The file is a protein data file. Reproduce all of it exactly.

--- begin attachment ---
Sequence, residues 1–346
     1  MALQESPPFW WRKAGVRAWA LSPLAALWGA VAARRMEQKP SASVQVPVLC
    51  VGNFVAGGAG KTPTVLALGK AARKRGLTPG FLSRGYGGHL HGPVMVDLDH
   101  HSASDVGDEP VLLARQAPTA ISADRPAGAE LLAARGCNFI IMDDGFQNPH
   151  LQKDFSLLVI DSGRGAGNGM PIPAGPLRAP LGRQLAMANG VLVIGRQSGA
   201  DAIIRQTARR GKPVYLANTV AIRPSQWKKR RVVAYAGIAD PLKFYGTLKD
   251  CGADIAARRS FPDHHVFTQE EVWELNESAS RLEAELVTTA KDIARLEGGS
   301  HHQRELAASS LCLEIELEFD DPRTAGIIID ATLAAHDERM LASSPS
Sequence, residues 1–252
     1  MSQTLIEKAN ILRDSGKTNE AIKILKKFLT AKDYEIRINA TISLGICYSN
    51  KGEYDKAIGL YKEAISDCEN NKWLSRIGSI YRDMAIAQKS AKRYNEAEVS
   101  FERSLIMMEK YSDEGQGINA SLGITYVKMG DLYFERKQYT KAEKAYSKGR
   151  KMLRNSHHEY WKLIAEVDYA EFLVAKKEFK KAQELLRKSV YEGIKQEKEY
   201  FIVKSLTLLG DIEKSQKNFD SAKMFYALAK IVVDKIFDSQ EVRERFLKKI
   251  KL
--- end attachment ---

Sequence, residues 1–346
     1  MALQESPPFW WRKAGVRAWA LSPLAALWGA VAARRMEQKP SASVQVPVLC
    51  VGNFVAGGAG KTPTVLALGK AARKRGLTPG FLSRGYGGHL HGPVMVDLDH
   101  HSASDVGDEP VLLARQAPTA ISADRPAGAE LLAARGCNFI IMDDGFQNPH
   151  LQKDFSLLVI DSGRGAGNGM PIPAGPLRAP LGRQLAMANG VLVIGRQSGA
   201  DAIIRQTARR GKPVYLANTV AIRPSQWKKR RVVAYAGIAD PLKFYGTLKD
   251  CGADIAARRS FPDHHVFTQE EVWELNESAS RLEAELVTTA KDIARLEGGS
   301  HHQRELAASS LCLEIELEFD DPRTAGIIID ATLAAHDERM LASSPS
Sequence, residues 1–252
     1  MSQTLIEKAN ILRDSGKTNE AIKILKKFLT AKDYEIRINA TISLGICYSN
    51  KGEYDKAIGL YKEAISDCEN NKWLSRIGSI YRDMAIAQKS AKRYNEAEVS
   101  FERSLIMMEK YSDEGQGINA SLGITYVKMG DLYFERKQYT KAEKAYSKGR
   151  KMLRNSHHEY WKLIAEVDYA EFLVAKKEFK KAQELLRKSV YEGIKQEKEY
   201  FIVKSLTLLG DIEKSQKNFD SAKMFYALAK IVVDKIFDSQ EVRERFLKKI
   251  KL